Dermoscopy is a technique widely used by dermatologists in the investigation of moles and other skin conditions. It is also known as dermatoscopy, epiluminescence microscopy (ELM) or skin surface microscopy. The dermoscope is an optical device which has a specialised light source built into it. When placed in direct contact with the skin, the dermoscope reveals structures which are just below the surface of the skin and as such invisible to the naked eye. This enhanced view assists the dermatologist in diagnosing the lesion, and in judging whether it requires treatment.
MIUK uses a high resolution camera fitted with a dermoscope to record the enhanced view. The image is also highly magnified so enables the convenient viewing of small lesions. A standard photograph of the mole is taken at the same time, also at high magnification, to show its appearance to the naked eye. The pictures with dermoscopy provide an excellent record for monitoring the development of moles. The interpretation of dermoscopic images does require a trained eye. We will usually forward the pictures directly to the referring doctor because of this.
To enable the highest quality image, a small drop of oil is placed on the mole. The lens of the dermoscope is then placed in contact with the skin before the photograph is taken. The process is painless, completely non-invasive and takes just a few seconds per mole.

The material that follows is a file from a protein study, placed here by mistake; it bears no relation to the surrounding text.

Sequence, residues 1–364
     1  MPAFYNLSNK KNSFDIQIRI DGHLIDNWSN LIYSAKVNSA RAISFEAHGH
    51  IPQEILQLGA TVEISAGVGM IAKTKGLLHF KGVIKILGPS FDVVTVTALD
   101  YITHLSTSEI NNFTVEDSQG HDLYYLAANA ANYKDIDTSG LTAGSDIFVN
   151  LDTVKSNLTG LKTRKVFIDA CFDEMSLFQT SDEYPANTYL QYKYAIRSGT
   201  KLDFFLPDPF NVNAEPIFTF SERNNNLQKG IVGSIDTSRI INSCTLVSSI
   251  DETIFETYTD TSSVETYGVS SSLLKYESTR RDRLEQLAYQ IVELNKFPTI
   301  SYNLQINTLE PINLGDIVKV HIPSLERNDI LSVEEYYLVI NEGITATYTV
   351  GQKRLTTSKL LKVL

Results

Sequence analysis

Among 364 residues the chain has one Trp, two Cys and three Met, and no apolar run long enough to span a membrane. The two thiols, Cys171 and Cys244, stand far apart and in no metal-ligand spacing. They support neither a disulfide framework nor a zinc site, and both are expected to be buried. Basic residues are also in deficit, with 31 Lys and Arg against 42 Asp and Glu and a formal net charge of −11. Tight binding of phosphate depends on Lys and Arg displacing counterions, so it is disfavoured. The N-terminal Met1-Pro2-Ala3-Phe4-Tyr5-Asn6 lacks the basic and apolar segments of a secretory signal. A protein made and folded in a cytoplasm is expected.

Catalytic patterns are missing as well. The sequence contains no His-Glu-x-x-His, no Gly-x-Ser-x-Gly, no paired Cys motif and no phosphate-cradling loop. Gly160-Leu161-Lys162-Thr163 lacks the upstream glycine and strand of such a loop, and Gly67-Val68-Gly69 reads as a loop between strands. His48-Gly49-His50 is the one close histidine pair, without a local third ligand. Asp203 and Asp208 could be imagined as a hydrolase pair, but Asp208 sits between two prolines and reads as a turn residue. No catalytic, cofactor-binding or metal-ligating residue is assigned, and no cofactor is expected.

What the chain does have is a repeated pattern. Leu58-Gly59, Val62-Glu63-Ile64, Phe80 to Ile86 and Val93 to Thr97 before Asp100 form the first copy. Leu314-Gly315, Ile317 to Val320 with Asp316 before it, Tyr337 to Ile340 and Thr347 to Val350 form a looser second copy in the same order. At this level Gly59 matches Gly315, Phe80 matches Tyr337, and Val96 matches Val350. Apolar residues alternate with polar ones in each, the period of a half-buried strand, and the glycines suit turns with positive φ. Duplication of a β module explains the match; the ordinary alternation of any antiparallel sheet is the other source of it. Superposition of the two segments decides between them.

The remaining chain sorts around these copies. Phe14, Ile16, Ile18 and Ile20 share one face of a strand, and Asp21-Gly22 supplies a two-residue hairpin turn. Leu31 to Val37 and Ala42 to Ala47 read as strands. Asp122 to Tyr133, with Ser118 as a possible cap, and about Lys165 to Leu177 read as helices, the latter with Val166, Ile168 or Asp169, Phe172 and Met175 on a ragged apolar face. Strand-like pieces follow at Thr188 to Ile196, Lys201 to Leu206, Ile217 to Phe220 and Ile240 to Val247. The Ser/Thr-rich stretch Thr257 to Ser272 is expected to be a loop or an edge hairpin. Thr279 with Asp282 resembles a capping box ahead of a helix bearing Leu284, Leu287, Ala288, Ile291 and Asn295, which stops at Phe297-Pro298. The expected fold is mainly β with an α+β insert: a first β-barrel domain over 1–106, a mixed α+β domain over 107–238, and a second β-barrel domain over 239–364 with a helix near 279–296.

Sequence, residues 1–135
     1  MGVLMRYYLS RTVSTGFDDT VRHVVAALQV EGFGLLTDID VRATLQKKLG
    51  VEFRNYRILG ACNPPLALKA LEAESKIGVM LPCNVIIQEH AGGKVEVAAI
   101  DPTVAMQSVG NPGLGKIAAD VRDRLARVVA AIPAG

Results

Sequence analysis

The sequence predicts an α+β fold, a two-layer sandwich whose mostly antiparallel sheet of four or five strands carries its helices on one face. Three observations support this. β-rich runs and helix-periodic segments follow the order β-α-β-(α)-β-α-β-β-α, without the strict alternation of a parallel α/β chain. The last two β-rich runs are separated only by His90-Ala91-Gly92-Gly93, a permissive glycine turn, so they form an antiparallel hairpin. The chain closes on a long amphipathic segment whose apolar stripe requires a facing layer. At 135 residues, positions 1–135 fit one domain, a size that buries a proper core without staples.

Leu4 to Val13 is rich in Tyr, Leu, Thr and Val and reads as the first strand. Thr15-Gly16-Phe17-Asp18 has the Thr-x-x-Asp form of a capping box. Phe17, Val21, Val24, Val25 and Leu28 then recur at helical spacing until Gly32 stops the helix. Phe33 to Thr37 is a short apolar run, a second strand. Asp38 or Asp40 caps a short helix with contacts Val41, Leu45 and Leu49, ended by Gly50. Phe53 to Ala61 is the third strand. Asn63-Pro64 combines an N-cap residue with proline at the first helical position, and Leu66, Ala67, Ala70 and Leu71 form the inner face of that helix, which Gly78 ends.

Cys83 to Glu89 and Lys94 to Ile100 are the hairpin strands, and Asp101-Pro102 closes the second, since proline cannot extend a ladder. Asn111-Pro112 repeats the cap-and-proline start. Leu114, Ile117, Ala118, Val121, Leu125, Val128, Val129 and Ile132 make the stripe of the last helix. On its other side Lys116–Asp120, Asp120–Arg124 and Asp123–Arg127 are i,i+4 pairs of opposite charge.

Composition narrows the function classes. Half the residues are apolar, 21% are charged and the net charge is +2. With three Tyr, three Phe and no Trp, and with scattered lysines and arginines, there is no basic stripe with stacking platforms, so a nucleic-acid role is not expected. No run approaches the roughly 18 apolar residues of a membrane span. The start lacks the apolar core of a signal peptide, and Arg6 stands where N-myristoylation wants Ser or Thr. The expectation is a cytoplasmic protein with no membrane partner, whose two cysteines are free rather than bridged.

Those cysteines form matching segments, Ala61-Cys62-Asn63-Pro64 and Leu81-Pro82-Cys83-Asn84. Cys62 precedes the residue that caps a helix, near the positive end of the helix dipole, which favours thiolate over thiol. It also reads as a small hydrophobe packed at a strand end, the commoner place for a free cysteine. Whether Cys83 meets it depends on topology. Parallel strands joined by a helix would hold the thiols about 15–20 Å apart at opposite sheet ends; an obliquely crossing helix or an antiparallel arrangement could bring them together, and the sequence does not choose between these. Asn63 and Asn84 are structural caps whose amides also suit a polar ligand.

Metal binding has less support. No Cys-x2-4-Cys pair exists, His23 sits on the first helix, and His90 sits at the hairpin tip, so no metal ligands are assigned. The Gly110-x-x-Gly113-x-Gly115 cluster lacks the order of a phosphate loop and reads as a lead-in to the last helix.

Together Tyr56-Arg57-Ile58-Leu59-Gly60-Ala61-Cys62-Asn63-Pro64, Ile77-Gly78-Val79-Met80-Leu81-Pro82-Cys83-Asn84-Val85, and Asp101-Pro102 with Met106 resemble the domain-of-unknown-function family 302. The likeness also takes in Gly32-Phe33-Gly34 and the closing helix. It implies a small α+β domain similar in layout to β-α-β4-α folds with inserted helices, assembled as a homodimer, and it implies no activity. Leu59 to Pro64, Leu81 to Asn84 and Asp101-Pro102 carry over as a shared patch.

Medical Advisor – Dr. Christopher Rowland Payne
Dr. Christopher Rowland Payne, our Medical Adviser for the Mole Mapping Programme says, “Mole Mapping and serial dermoscopy are particularly helpful for people with the atypical naevus syndrome, who have many moles of various shapes, sizes and colours. The moles can occur anywhere on the body but favour the upper trunk. The atypical naevus syndrome is not at all rare and is particularly common between the ages of 25 and 45. People with the atypical naevus syndrome have an increased risk of developing melanoma and are therefore best advised to avoid absolutely all sunburn and also to try to avoid sun tanning.
People with atypical naevus syndrome should report any change in their moles and this is where mole mapping and serial dermoscopy can help a lot. Mole mapping provides a yardstick against which future examination of the moles can be performed. This makes it easy to recognise if any moles are changing. Serial dermoscopy can reveal very subtle changes in the pattern of pigmentation within particular moles which might not otherwise be apparent to the doctor”.